ZitounaPress-RoniGross

    I See You Everywhere – 2003

    Roni Gross has successfully continued her project Zitouna over the course of 25 years. Twice a year, she creates a limited edition book or broadside which expands on the cultural ideas which emanate from Valentines Day and Halloween. The projects have explored a wide variety of themes from folklore and superstition to wordplay and mythology. 

    As a project that began in 1989, what was your initial inspiration for this ongoing work?
    The Zitouna pieces started as limited edition book-like objects made in honor of Valentines Day and Halloween each year. I chose those holidays because they are secular and thus inclusive. It began by an investigation of the origins of the traditions cross culturally, and then deepened over time to consider the seasons in which they occur – times of death and rebirth.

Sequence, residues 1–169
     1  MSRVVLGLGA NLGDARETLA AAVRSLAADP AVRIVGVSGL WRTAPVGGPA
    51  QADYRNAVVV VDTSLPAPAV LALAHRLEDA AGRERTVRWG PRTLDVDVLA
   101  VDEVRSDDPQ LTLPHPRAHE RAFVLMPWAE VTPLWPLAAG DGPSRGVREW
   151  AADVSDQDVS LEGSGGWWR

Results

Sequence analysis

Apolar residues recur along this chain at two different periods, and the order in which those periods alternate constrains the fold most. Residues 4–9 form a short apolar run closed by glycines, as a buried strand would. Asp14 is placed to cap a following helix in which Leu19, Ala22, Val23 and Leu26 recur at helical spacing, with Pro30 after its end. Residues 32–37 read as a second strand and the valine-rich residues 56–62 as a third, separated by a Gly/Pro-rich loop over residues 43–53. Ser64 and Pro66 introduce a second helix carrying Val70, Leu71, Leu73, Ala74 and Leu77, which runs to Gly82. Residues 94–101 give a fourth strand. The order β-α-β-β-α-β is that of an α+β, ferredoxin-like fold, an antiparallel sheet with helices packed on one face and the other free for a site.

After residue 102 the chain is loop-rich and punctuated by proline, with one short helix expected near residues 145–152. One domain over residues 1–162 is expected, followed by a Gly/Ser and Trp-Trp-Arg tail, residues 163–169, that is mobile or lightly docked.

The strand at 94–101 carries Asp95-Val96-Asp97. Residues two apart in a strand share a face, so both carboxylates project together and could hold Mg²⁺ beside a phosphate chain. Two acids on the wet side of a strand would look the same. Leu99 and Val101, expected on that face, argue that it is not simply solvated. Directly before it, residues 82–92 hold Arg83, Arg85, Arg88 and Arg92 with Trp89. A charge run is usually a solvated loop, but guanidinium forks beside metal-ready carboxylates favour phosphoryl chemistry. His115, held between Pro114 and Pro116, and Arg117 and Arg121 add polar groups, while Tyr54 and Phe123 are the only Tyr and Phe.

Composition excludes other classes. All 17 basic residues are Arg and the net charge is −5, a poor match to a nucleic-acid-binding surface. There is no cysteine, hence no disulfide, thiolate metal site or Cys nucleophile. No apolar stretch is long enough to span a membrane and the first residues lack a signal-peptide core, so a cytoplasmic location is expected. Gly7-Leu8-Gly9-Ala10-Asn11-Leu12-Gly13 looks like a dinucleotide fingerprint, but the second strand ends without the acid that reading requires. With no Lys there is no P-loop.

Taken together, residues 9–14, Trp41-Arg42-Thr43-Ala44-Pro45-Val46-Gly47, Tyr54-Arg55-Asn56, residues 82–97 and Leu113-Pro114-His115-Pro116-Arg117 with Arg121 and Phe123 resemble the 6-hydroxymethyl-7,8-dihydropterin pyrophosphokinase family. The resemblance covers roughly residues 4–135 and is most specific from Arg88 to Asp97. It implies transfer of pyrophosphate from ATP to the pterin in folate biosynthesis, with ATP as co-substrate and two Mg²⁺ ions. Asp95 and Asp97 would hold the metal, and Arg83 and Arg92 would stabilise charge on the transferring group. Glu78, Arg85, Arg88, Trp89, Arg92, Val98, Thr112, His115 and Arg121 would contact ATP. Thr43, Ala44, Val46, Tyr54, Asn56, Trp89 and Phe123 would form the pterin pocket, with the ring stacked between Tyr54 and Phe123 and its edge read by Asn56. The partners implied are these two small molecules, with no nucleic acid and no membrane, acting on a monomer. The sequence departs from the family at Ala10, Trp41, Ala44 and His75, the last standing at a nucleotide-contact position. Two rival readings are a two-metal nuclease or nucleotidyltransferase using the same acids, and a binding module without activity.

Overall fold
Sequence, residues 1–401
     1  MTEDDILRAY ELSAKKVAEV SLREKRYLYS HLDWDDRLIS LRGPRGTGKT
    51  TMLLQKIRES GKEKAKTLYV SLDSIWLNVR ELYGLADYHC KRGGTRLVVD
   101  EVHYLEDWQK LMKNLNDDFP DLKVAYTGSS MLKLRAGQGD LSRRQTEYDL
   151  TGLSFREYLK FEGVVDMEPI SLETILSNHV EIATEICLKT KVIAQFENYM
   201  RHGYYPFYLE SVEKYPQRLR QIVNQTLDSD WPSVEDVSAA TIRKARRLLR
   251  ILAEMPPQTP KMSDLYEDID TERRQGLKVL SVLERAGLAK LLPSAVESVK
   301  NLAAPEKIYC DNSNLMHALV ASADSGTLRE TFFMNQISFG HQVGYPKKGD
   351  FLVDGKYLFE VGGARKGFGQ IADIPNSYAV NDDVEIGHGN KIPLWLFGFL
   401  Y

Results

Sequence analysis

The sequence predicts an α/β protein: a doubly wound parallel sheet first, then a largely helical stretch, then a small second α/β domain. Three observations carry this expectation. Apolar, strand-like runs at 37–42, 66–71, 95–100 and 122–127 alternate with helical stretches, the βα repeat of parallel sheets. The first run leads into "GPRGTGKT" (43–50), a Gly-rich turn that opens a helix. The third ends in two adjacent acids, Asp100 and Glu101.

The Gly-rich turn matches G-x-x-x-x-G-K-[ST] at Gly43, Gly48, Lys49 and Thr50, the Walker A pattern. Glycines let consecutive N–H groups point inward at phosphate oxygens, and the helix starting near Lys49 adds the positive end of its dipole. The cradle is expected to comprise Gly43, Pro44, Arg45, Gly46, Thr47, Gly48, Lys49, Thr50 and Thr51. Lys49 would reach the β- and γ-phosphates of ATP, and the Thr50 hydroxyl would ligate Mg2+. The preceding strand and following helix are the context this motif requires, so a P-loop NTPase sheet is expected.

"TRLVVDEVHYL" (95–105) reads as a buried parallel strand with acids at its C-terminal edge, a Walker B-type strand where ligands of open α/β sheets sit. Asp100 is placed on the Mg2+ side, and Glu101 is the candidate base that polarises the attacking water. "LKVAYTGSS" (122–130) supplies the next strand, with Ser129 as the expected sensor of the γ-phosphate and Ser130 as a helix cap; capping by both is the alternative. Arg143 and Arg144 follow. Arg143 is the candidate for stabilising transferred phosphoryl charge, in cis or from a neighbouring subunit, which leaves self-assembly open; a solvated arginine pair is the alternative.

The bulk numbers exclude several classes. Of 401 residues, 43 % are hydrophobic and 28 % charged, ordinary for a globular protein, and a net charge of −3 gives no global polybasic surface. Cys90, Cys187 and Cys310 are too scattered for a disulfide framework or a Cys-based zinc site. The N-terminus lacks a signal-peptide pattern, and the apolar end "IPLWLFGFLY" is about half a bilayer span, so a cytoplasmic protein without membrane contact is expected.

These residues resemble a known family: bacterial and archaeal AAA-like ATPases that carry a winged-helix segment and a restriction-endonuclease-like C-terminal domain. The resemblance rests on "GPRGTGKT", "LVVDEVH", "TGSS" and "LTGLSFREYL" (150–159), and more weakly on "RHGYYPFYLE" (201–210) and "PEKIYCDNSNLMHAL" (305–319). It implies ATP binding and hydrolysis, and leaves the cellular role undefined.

How do you find inspiration as you continue year by year?
    I have found this a very fruitful project that has led me to investigate alchemy, concepts about skeletal understanding throughout the ages, mythology and superstitions, to name a few topics. The deadline is a motivator and I have not yet felt that I am reaching the end of the possible topics for exploration.

    ZitounaPress4-RoniGross

    If Luvin’ You Is Wrong – 2008

    ZitounaPress5-RoniGross

    Alchemy – 2008

    ZitounaPress2-RoniGross

    A Very Valentine – 2010

    ZitounaPress3-RoniGross

    Lover’s Knot – 2009


  5. May // Book Artist of the Month: Roni Gross

    May 2, 2014 by Erin Fletcher

    Tikilluarit3-RoniGross

    Tikilluarit was created for the An Inventory of Al-Mutanabbi Street exhibition, which began in 2012, exhibiting nationally and internationally until 2015. The exhibition showcases a collection of artist books and broadsides that are a response to the explosion of a car bomb in Al-Mutanabbi Street, the historic center of bookselling and arts culture in Baghdad, back in March 2007. The exhibit came to Cambridge and was exhibited in three parts. Unfortunately, the session I attended did not included this particular work (I wrote a post about it).